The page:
Paid to be kids, The Allowance Question 

Like most kids, my girls want things. Lots of things. Lots of very expensive things. It was time, my wife and I decided, that if the girls were to get some of these things they were going to have to pay for it. Unfortunately, due to some child labor laws, getting a job at six years old wasn’t going to happen. This means that any money she was going to earn was going to come from us. Which raises the first question does she need money?

Until recently the answer was no she didn’t. She didn’t really ask for things, she was content with what we gave her. This is due partly to her being a pretty calm kid, and partly due to her having plenty of toys. We have been lucky in that both of  our girls have been pretty good about looking in stores and not throwing a fit about not coming home with a toy.

With her getting older, our luck with her not asking for things has come to an end. The current object of desire for her is the   American Girl Dolls. For anyone not familiar with the line, They are expensive dolls with expensive clothes and even more, expensive accessories. I am not a fan of the line, but she is and if she was going to purchase any of it, she was going to pay for it.

The decision was made for her to earn an allowance. We knew we wanted her to have to earn it, but past that we were at a bit of a loss. What should she be doing? How much should we pay her? Should we start her sister on the program as well? To answer this, we asked for advice from both friends and family.

Some told us to link it to school. If she did her homework and got good grades she got paid. We didn’t like this. We wanted her to do her school work because it benefited her not because she was paid. Next, we were told to give her a chore list. That way she could keep track and know what she needed to do. We opted to not have the chore list. She should help because she was part of the family not because she was paid.

Her allowance was going to be earned by being a part of the family. This meant she would have to help with all of the day to day tasks. It also gave us the opportunity to adjust as necessary. Being part of the family meant whatever we wanted it to mean. It could be cleaning or yard work. It could mean being nice to her sister, or good on a car ride. We could make that weeks jobs as easy or as difficult as needed. A second benefit was we could withhold money if she wasn’t living up to our expectations.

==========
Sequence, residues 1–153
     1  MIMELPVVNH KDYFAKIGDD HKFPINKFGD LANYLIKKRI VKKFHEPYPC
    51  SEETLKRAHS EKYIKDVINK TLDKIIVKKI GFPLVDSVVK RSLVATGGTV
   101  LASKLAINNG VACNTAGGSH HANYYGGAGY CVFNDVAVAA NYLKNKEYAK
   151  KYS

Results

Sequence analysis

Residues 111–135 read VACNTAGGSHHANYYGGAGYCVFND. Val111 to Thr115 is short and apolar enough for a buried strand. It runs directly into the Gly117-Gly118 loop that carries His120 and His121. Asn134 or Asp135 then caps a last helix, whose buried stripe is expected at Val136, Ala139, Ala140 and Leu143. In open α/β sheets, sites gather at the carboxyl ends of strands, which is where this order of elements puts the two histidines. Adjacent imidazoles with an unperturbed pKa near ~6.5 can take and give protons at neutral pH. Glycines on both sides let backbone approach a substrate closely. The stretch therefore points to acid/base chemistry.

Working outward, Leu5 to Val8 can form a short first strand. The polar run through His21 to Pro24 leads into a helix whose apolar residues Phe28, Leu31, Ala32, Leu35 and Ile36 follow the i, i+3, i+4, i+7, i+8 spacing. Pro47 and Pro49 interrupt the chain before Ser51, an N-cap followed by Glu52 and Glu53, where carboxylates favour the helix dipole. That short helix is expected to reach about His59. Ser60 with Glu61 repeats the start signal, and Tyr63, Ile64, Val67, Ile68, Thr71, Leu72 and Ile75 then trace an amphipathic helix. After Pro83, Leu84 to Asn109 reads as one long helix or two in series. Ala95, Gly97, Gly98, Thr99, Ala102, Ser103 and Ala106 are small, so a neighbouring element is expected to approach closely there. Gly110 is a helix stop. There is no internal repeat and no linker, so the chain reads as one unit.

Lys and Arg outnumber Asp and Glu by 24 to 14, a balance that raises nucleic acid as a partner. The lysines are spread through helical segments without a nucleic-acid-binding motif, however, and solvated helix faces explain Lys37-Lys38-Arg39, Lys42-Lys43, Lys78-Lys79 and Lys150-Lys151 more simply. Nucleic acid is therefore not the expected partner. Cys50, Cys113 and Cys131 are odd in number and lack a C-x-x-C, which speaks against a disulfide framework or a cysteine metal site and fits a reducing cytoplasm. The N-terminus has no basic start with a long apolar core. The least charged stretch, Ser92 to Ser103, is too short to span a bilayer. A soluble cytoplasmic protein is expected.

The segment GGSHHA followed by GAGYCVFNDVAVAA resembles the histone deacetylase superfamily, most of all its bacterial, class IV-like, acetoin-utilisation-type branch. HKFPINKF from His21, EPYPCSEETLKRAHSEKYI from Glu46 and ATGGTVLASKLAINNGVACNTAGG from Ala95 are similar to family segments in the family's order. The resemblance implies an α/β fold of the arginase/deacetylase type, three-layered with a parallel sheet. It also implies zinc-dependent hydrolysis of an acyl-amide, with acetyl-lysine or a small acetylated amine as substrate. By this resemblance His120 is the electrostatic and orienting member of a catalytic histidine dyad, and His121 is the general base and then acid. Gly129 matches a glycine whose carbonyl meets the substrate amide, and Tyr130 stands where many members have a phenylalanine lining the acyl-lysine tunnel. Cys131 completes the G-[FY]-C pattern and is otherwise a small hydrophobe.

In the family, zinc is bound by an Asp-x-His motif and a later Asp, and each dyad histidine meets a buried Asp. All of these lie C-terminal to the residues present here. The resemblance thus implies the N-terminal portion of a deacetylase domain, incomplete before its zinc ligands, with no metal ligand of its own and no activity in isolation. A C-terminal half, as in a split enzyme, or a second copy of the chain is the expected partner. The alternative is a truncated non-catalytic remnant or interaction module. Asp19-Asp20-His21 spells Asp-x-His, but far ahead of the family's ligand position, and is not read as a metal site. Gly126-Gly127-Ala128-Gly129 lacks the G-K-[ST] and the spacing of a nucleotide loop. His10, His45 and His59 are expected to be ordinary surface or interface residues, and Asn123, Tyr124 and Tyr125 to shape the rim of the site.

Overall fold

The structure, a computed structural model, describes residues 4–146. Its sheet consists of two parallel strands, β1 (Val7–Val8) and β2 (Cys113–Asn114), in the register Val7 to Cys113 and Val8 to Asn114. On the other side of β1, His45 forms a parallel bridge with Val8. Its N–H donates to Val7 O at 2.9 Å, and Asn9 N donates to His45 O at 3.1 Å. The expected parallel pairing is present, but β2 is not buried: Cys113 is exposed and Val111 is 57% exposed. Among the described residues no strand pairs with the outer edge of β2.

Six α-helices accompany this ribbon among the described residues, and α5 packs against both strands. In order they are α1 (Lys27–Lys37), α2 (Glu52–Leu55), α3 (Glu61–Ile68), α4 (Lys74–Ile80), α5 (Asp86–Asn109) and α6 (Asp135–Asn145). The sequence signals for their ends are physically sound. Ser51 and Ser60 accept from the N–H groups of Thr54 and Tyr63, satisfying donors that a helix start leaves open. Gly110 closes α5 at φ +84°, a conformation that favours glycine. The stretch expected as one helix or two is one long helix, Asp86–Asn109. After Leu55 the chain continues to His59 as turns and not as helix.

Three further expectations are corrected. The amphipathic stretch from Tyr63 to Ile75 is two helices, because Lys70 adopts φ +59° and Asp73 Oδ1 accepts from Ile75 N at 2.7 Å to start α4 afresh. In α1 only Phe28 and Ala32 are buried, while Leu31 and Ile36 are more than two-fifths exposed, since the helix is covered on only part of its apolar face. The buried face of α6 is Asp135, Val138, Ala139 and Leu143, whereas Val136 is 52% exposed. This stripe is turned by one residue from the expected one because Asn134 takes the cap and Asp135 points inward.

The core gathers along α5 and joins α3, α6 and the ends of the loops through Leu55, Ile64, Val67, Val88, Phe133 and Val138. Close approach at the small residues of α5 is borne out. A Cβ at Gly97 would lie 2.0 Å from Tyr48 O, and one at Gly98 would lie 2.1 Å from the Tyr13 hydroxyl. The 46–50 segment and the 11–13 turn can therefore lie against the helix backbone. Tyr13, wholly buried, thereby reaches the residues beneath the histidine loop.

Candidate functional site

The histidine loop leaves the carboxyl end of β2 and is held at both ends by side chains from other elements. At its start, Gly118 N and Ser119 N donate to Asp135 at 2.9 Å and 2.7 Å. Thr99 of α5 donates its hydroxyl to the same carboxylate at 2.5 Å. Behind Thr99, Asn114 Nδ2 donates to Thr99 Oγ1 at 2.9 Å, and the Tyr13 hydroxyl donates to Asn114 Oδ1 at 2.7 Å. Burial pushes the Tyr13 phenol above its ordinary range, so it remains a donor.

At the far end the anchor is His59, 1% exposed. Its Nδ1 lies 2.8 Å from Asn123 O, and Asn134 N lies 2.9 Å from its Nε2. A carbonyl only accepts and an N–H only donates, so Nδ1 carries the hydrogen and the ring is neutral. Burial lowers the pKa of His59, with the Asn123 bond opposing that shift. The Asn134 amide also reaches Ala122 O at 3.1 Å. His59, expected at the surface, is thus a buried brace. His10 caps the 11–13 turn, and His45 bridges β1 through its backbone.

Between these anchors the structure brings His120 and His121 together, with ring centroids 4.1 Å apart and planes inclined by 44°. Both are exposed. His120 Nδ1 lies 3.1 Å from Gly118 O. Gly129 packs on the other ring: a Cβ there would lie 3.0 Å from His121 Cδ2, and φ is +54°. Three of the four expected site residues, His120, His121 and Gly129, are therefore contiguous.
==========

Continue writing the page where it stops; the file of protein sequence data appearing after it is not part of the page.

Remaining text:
At the end of each week, she is given the cash to do with as she pleases, well almost. There are a few restrictions. A portion of what she earns had to be saved. For now that savings can be used to save for a toy, but in the future, I want it to go towards her college. I figure she can help pay that bill and also it will hopefully influence her decisions there if she had a hand in paying for it. A second portion is also withheld to give to charity. She must set it aside to be donated to those who need it. We hope this will teach her charity, and helping those less fortunate.

So far she has done well with her money. She is saving towards a doll and happily asking for more jobs to earn more towards the doll. I personally am waiting to see how well she manages her money when she doesn’t have that carrot right there to encourage her to save. She hasn’t been really presented with much temptation yet. Time will only tell how she responds.

Photo from Steven Depolo – – CC



Bryan Alkire

Bryan is a Stay at Home Dad from Kalamazoo MI. Every day he is lucky enough to experience the joys and struggles of raising his two young girls. His older daughter, a brain tumor survivor, has just started school. His younger daughter is a ball of energy that always keeps him on his toes. He chronicles his adventures with his girls and beautiful wife on his blog When not watching the girls he plays golf (badly), enjoys craft beer, and working on that book he keeps promising to get done.

Leave a Reply